Huawei CFO Meng Wanzhou is now arguing that the United States’ case which was submitted to Canada is “so replete with intentional and reckless error” that it violates her rights, Reuters reports.
Meng is fighting against being extradited to the US, which has charged her with bank fraud and accused her of misleading HSBC about Huawei’s business in Iran.
The latter accusation uses as key evidence a PowerPoint presentation given by Meng to an HSBC banker in 2013.
In the presentation, Meng refers to Skycom Tech as a ‘business partner,’ whereas the US describes it as an unofficial subsidiary.
Her lawyers claim that the US prosecutors have omitted important information discussed by Meng in the presentation – meaning that this evidence is misleading.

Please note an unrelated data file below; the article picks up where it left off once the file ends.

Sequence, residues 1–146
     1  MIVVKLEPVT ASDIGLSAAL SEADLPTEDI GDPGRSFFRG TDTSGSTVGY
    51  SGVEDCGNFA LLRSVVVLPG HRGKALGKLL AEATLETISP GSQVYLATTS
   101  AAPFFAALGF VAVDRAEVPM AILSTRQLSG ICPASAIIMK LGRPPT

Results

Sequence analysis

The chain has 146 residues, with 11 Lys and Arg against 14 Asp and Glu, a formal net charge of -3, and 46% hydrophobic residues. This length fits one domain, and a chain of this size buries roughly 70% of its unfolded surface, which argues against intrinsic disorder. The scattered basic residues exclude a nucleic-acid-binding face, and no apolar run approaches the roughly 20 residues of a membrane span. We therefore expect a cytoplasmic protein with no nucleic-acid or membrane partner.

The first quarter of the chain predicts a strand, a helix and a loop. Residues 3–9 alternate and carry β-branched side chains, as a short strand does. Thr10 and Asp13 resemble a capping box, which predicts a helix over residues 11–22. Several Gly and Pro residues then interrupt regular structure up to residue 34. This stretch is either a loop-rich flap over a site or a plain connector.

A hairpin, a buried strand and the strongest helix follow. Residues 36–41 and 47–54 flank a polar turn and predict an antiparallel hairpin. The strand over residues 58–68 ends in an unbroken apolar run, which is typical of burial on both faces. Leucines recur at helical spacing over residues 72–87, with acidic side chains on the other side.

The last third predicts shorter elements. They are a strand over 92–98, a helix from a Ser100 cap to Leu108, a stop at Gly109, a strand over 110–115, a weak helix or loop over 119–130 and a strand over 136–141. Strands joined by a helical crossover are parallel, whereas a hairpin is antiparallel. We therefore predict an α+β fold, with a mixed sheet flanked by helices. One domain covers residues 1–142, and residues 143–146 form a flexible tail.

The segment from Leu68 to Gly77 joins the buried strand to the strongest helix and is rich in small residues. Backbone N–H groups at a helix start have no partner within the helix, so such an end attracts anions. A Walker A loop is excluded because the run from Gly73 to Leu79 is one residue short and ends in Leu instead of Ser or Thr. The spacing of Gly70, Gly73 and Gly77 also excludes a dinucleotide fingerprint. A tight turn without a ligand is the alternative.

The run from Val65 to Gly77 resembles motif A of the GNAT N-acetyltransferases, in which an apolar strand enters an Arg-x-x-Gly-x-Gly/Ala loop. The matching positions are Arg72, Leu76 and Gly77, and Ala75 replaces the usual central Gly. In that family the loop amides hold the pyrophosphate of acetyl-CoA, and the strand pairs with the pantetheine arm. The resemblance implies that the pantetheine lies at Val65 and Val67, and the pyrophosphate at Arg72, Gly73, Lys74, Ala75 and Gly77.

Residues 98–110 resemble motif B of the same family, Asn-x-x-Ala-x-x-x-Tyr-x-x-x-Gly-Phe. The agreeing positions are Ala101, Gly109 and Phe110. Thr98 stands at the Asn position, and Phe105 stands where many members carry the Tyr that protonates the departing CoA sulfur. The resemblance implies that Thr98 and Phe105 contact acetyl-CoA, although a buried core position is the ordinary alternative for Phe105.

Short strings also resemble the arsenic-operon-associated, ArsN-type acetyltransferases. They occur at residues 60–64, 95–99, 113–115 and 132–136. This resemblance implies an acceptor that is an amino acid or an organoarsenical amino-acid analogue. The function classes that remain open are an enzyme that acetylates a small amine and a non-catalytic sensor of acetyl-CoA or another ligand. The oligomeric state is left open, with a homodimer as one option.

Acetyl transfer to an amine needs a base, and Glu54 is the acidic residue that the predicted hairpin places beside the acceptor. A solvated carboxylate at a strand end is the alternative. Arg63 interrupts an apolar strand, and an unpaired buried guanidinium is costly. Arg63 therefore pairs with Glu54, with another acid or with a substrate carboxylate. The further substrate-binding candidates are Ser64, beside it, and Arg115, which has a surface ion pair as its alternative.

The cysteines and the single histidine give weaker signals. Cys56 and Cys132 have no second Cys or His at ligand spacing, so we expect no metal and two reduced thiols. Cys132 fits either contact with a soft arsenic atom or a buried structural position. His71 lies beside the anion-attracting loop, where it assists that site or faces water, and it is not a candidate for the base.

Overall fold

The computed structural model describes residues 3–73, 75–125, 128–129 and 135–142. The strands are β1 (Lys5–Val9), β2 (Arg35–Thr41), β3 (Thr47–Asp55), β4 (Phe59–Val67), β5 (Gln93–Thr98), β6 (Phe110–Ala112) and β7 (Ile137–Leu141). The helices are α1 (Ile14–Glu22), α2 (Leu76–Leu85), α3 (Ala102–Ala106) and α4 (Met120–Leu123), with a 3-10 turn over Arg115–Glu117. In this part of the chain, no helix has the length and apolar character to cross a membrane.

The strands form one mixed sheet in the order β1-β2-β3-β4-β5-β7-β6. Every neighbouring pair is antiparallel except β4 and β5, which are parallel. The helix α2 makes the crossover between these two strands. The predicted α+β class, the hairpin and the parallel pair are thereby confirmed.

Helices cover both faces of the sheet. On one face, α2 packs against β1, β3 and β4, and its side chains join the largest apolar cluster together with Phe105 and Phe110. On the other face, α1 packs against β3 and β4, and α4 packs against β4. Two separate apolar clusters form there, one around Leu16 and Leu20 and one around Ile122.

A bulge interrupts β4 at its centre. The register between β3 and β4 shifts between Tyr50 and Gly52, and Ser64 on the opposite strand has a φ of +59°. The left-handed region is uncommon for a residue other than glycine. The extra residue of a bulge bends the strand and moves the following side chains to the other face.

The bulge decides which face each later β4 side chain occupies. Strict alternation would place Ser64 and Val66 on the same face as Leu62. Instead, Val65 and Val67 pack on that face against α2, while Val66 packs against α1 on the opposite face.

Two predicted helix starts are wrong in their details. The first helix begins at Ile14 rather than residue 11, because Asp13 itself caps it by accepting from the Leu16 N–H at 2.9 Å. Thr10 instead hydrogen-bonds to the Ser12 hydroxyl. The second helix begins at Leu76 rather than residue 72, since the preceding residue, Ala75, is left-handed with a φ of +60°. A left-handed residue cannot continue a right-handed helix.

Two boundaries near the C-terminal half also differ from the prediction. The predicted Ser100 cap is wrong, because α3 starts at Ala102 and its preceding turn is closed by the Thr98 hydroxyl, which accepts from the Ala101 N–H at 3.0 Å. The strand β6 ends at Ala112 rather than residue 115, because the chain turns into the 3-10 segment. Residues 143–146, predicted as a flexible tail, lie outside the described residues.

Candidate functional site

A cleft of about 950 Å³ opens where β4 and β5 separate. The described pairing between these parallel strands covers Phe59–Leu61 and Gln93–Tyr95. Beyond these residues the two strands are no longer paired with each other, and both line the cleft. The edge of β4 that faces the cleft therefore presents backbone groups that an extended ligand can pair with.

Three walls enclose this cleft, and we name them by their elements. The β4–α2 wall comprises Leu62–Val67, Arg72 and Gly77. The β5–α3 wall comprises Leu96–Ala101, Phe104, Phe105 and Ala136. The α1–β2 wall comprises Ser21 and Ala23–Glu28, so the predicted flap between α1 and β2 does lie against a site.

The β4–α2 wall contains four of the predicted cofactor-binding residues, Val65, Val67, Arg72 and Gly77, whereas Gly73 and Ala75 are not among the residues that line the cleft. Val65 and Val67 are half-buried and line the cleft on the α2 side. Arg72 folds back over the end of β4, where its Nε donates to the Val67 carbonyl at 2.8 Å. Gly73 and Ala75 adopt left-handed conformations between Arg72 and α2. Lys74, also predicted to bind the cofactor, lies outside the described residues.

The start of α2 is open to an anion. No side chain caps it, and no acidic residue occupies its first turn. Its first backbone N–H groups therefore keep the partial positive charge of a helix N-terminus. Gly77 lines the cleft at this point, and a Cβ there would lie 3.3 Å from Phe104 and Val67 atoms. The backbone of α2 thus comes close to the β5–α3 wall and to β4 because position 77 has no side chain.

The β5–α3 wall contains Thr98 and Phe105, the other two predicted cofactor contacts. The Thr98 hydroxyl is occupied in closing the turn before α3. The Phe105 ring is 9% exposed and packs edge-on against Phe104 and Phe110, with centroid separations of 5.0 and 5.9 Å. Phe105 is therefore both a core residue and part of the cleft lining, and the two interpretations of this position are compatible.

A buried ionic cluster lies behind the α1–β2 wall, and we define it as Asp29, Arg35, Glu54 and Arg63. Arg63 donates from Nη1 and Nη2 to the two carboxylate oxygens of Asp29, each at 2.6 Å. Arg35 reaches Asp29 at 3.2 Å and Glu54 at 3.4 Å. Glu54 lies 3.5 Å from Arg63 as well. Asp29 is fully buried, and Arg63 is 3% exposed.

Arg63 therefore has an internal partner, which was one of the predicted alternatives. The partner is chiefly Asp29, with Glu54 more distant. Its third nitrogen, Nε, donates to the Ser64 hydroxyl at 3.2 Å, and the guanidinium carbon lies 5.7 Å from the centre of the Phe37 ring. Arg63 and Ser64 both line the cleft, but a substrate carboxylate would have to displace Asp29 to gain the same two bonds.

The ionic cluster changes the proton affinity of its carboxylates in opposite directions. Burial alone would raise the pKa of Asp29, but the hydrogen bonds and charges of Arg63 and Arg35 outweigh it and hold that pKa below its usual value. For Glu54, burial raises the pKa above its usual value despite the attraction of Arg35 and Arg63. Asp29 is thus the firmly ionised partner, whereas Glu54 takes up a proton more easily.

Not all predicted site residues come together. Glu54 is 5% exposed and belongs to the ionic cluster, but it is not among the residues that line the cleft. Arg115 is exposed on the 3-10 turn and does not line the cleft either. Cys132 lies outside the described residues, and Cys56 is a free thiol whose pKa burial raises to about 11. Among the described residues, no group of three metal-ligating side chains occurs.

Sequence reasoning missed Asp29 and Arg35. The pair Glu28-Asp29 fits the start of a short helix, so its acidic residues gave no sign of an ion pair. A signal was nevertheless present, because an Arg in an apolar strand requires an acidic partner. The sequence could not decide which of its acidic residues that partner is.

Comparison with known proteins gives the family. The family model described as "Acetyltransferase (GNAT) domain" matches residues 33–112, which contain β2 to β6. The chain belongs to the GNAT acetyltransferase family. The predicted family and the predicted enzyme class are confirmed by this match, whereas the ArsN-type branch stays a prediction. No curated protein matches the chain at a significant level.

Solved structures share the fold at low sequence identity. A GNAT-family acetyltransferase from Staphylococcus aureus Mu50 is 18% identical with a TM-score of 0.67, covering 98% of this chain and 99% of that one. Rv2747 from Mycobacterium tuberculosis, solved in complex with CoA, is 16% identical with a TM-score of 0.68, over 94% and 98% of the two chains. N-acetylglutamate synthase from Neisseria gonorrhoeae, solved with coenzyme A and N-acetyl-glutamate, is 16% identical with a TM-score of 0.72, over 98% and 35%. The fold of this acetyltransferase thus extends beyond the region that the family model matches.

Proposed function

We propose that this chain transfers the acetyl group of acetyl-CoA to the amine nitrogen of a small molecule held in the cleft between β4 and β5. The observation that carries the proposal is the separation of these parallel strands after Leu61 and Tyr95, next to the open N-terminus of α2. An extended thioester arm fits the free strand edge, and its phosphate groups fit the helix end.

US claims that only junior HSBC employees knew of the relationship between Huawei and Skycom have also been contested by Meng’s lawyers.
They said it does not make sense that HSBC’s senior management would be unaware of the relationship between Huawei and Skycom since Huawei is one of HSBC’s largest clients.
A $900-million credit facility with HSBC allegedly provided Huawei was also denied.
The lawyers instead claim that of its $1.6-billion credit arrangement across 26 banks, HSBC’s portion was $80 million, was never used, and was cancelled in 2017.
Failed first attempt
These new arguments follow a failed first attempt by Meng’s lawyers to block her extradition.
Meng had argued that the US was purposefully disguising an allegation of sanctions violations as a fraud charge in order to get around Canada’s double criminality rule.
Her lawyers argued that if the transactions she was being held for had taken place in Canada, they would not have violated any local sanctions.
However, this argument was rejected, as the court ruled that fraud could still be prosecuted in Canada if a US bank was put at risk for violating US sanctions.